Orchesis
In 1918, Margaret H’Doubler, a professor of physical education at UW-Madison, established the first dance degree program at a university in the United States. At this point in history, modern dance was just beginning to make a name for itself at the college and university level. Rather than hold its established place in the arts as it does today, dance was attributed to the Physical Education department. In addition to the formal dance program, she also began the extracurricular club, Orchesis (Greek for the art of dance), for students who wanted more opportunities to dance outside of structured university classes. The concept of this modern dance club spread nationally and many groups adopted the name Orchesis for their dance clubs; by the late 1960s there were over 200 documented Orchesis groups on North American college and university campuses.

A modern dance club began at NDSU, formerly North Dakota Agricultural College, sometime in the late 1930s. The group was loosely organized at this point and it was not until the early 1950s that the group became affiliated with the national honorary dance club, Orchesis.

In 1950, two North Dakota Agricultural College students, La Vonne Sommers and Pat Kennedy, along with a physical education instructor, Niva M. Anderson, organized and established an official campus chapter of Orchesis at North Dakota Agricultural College. In 1951, the club began performing for various campus and community functions, tryouts were established for membership, and the club was divided into Senior and Junior divisions. In 1952, the Physical Education department sponsored the group’s first full length production consisting of 100 women and original choreography and costuming. Between 1952 and 1959 the club met on a weekly basis and maintained between 10 and 15 regular members.

Orchesis at NDSU began to pick up steam and make a name for itself as a student organization after the arrival of Marilyn Nass, the club’s advisor from 1959 through the 1990s. When Nass took over advising the club in 1959, it consisted of three female members; as popularity grew under Nass’ direction, the club maintained anywhere from 24 to 55 female and male dancers with both a Senior and a Junior division. By 1961, the club was putting on an annual production during the winter quarter; previously the club had held an annual dance workshop on campus but had not presented a regular full length program. The programs, and the club, were always self sustaining--all expenses of the club were covered by ticket sales for performances and parental donations; members of the club choreographed the pieces, designed the costumes, manned the lighting and created the artwork for the productions. In true student organization fashion,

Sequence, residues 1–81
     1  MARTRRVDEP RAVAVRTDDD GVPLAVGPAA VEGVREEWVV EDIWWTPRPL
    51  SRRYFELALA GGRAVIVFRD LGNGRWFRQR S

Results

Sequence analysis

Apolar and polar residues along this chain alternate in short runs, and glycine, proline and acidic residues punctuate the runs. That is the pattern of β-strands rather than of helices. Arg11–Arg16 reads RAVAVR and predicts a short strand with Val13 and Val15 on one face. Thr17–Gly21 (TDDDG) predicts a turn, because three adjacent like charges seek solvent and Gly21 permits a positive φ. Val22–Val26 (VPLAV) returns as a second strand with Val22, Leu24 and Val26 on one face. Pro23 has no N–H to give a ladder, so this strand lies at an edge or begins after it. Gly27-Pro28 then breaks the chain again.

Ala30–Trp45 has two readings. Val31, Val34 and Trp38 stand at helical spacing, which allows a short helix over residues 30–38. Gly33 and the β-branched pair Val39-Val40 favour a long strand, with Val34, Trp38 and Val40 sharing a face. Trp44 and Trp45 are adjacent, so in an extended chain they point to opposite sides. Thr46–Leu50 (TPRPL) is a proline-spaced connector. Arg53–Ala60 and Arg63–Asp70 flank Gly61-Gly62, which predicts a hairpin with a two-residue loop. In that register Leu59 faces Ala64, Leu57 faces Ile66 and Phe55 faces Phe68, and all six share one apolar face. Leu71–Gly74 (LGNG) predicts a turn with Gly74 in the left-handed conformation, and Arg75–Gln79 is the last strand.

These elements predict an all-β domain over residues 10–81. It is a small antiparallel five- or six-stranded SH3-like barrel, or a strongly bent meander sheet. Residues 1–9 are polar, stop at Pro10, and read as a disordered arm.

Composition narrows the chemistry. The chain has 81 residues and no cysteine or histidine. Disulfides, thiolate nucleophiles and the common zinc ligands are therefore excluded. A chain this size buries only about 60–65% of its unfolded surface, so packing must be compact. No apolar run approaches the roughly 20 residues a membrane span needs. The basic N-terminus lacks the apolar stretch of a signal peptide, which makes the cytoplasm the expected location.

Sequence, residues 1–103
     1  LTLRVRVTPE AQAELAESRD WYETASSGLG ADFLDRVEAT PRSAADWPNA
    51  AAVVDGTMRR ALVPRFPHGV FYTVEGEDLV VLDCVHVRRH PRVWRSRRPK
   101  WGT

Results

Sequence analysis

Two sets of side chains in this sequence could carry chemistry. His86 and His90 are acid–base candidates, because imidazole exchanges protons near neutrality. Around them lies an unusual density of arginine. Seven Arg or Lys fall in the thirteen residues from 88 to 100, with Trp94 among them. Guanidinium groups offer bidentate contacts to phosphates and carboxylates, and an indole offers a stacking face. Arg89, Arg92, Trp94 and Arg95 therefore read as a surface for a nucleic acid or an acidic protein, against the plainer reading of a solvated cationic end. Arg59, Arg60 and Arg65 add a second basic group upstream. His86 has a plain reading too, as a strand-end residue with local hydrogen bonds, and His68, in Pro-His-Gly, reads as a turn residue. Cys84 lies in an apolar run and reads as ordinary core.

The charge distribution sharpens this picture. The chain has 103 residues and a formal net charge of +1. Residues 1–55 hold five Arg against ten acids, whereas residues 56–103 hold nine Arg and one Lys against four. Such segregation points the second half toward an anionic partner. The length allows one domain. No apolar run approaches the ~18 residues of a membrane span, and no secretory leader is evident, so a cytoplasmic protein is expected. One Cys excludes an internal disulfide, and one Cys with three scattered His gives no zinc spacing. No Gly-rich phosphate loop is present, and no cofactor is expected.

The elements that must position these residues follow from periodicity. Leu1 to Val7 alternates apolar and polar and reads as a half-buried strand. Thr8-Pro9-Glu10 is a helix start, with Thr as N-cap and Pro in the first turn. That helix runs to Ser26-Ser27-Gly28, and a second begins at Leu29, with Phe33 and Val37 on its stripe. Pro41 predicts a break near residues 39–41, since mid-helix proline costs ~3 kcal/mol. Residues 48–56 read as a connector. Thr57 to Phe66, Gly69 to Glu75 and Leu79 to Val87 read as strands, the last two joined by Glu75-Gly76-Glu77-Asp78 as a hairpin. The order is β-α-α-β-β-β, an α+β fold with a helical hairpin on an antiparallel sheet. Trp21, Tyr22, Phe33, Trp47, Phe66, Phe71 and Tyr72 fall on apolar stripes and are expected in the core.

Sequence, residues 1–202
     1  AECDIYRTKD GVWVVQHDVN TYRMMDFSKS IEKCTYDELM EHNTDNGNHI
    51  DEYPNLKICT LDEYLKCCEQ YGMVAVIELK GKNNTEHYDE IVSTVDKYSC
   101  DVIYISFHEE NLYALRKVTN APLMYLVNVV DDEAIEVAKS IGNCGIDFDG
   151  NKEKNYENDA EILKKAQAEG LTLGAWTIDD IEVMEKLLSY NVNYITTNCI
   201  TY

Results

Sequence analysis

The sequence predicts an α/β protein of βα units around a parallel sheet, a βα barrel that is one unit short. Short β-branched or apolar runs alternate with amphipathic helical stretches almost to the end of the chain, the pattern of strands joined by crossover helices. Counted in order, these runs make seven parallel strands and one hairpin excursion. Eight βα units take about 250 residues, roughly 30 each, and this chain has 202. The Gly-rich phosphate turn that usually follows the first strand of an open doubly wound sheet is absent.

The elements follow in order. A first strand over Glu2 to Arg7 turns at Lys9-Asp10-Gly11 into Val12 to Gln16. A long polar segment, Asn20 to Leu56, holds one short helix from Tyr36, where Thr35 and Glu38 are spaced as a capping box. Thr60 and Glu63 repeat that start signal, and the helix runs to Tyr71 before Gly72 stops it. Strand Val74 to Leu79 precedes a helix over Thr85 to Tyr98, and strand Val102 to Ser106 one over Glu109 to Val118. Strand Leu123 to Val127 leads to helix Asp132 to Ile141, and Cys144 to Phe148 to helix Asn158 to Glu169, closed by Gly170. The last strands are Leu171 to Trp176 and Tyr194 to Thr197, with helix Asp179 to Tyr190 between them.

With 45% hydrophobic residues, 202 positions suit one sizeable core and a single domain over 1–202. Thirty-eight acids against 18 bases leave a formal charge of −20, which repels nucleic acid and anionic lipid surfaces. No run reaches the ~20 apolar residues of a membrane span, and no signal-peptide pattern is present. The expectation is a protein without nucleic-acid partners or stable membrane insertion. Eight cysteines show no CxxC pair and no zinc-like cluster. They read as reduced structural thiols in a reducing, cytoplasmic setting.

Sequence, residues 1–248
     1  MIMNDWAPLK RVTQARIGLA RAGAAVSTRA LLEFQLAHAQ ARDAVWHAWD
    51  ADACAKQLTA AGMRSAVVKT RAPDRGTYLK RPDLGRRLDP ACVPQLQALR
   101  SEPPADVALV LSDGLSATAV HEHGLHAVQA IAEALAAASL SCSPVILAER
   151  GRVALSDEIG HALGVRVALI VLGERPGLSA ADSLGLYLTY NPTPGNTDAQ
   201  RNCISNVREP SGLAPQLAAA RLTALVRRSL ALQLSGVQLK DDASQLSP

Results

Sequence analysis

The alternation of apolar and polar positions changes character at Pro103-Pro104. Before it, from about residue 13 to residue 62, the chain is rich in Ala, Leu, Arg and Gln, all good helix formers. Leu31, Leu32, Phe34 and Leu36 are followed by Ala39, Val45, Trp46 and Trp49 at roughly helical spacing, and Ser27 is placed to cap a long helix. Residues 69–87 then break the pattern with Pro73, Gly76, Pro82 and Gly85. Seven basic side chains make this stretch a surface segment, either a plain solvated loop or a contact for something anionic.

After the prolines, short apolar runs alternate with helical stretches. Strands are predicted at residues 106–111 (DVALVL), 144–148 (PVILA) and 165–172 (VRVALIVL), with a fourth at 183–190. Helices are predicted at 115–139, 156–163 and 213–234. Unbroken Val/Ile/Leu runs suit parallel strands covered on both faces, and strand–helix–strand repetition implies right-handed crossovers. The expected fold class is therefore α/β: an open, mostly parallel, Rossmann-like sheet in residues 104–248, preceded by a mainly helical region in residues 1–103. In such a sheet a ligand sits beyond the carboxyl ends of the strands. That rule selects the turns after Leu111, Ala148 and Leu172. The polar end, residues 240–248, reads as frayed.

Orchesis is a democratic organization in which the students make organizational decisions and admit new members with the guidance of the clubs advisor.

As the popularity of modern dance grew, so did the popularity of Orchesis on NDSU’s campus. In the 1970s significantly more men participated in tryouts, the annual production included three performances (to which attendance was over 1400 people), and preparation for the annual show began in October of the academic year with practices increasing to 6 days a week in preparation come January. Evidence of the club is documented into the 1990s through articles in the school’s newspaper, The Spectrum, but it is unclear as to how long the organization was active on campus.

Annual Productions:
May 1961: “Orchesis Presents: Fourth Dimension”
February 1963: “What Happened to the Minuet”
February 1964: “Innovation”
February 1965: “Time Out Of Mind”
February 1967: "Catalyst"
February 1968: “LSD”
February 1970: "Special Days"
February 1971: “Life, Death and the Traveler”
February 1972: “4”
February 1973: “Sapien Seven--A Dance Concert”
February 1974: “JHE” (a neuter pronoun, referring to his-hers-he-she)
February 1975: “Free to Be”
February 1976: “Ease on Down”
February 1977: “Khaos”
February 1978: “Reflections and Illusions”
February 1979: “Hands, Feet and Other Essentials”
February 1980: “Body Shop”
February 1981: “Eight to Ten at the Barre”
February 1982: "Bizarre... see Orchesis"
February 1983: “A Dancer’s Arch of Triumph”
February 1984: "Turn Left Off Broadway"
February 1985: “Color Odyssey”
February 1987: “Dance Games”
February 1988: “Dance-a-vision”
February 1990: “Dancing on a Time Line”
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